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“I have had to accept the fact that my life is almost totally paradoxical. I have also had to learn gradually to get along without apologizing for the fact, even to myself… I have become convinced that the very contradictions in my life are in some ways signs of God’s mercy to me: if only because someone so complicated and so prone to confusion and self-defeat could hardly survive for long without special mercy.”
Truth…after all these years, I am still afraid of the dark.
Oh, I talk a good game, stating proudly that I love the dark that I am okay with it, with not knowing, with the unknown. But that’s a load of crap. I hate the dark. Specifically, I loathe the reality of “not knowing.” I find no comfort in that sacred place.
I have found that the words of Dorothy Day ring true, reminding us that it is best to travel light through the darkness. I say it is good to do so because I need my hands in the darkness, groping for security, feeling my way through it the way a newly blind person fumbles through Braille. Slowly, methodically, with intention.
The darkness of my heart – the anger, the fear, the lack of trust in God despite evidence to the contrary – makes my life ‘feel’ messy. I want my life, and my faith, to be neat and tidy. But that it would seem is as improbable as it is impossible.
When my life feels messy, there is this thought that rattles around my head with jarring significance and it goes like this – sometimes I feel that God is this All-pervasive Reality I have yet to actually experience, much less “know.”
I mean, I “know” Jesus. I love Him. I follow Him, however feebly. But I do so like a child in a mud puddle – messy, splashing about, mud and earth and water colliding all about me.
But then that noise subsides, and above the din I hear the repetitive whisper, “mercy, mercy, mercy, all is enveloped in Mercy…”
One thing is certain, the messier my life gets the more merciful God seems. I sense the reason that is due to this truth: the messier and more mistake prone I get, the more I am in dire need of God’s Mercy that is available always and forever. The more I am ‘human’ the more I need and therefore am open to Divine Love. When I am at my lowest, it is ‘easier’ to look up and ask for mercy.
It’s easier to surrender when I run out of bullets.
It’s a shame that it takes my increased messiness and mistakes to be the catalyst provoking my need of God’s divine mercy, but I am human. I am trying daily to put myself in a position living conscious of and present to God’s infinite mercy rather than waiting for fox holes and disasters.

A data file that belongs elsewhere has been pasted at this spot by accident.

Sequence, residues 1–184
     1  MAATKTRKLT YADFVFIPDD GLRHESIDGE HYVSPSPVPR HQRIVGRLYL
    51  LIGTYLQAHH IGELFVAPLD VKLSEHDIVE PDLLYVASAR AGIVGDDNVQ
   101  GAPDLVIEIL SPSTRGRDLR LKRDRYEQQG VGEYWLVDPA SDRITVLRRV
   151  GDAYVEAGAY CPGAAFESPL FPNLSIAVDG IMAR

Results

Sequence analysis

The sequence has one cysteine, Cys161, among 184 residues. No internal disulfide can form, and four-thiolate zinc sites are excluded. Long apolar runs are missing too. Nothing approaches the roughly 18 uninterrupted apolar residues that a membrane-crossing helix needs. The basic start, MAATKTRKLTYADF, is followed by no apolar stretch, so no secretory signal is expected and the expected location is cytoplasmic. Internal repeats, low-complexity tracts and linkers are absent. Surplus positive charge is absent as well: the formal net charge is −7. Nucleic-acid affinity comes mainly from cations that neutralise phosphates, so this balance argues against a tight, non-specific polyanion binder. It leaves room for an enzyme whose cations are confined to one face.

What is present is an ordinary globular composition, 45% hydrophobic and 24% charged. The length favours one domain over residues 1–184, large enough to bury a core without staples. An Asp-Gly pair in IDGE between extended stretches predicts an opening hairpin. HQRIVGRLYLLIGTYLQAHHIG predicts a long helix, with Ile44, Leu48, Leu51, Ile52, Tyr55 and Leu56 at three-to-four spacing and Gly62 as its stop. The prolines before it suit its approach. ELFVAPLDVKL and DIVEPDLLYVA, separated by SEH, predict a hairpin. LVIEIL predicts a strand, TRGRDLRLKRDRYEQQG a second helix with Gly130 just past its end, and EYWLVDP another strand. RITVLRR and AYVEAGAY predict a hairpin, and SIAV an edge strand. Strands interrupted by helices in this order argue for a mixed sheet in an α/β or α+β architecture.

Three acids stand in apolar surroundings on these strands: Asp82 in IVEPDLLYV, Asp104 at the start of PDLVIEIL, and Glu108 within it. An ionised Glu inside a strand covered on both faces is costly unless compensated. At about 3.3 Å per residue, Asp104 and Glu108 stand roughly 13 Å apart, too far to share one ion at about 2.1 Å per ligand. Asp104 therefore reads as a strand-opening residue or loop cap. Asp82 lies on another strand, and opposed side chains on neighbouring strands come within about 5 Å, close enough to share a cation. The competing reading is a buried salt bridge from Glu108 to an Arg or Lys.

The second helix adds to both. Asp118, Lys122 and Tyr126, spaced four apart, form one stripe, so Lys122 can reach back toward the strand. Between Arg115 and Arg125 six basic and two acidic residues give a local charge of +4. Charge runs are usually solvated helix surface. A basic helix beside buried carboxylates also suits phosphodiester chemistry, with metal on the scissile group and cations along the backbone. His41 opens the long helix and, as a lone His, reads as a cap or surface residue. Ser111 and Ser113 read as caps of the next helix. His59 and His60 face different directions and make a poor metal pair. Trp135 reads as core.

Spiritual crisis prevention is far better than crisis management. In prevention mode, I am more aware of God in all my dealings rather than my usual state of forgetfulness. And as I grow in a deeper daily awareness of God, the self made messiness seems to give way to a mercy filled life; still messy, but steeped in the ever-present reality called the mercy of God.
The all-important central emptiness
which is filled
with the presence of God alone.”
I am learning more deeply in these days that emptiness is necessary; it is also quite scary for most of us. I could lie and say that emptiness no longer scares me the way it did as a child, but I would be lying. As I grow older, and death becomes more a part of my intentional consciousness, emptiness brings some level of fear, for far too often I confuse emptiness with loneliness.
Like many, I fear growing old alone. I fear the dark emptiness that this could bring. But there is an emptiness which has nothing to do with a partner, for I have been with others and simultaneously felt alone.
Emptiness is not only necessary it is also good. Emptiness is the only space that can truly ‘contain’ God; emptiness is the space for God and God alone. In emptiness there are no leaks or cracks, just pure and endless space. I fill the emptiness far too often with things that are not meant for it. For years, to the point of addiction, I filled emptiness with drugs, alcohol, sex, excitement, drama, darkness. You name it…and I could try and use it to fill the void known as emptiness.
Everywhere I look I see this same symptom of addiction: fill the void, fill the emptiness. Marketers, admen, corporations, news programs, and pharmaceutical companies will tell me – without actually telling me – that the hole in the center of my being was created for their specific products. And if I listen to them I have no shortage of deluge of things to fill this emptiness – antidepressants, sleep aids, pain meds, meds to keep me paying attention, to keep me skinny, to keep me young or hard as a rock. Then throw in the 24 hour a day channels that spew endless upon endless means for consumption be it news, sports, or shopping networks.
And at the end of the day, that is the true enemy of emptiness, not evil or addiction, but consumption; the never ending obsession with “more”.
But that pining emptiness within me tells me there is another way, a way of divine love, a way that says my emptiness is the portal for God as much as it is a reminder that I am fallible and finite.
Emptiness reminds me of my place in the grand scheme of things. I was created before I was anything else; I am created before I am anything else. Emptiness teaches me that I am an image of God and not God. Emptiness reminds me that I am finite yet a dwelling place for the Infinite. Emptiness is necessary if I am to encounter God on a daily basis for in my emptiness God in his fullness comes near, reminding me I am both child and beloved.
So, today I will try and face my fear of emptiness and in the mere confronting of it I know I will experience the One who is the Fullness of unconditional Love.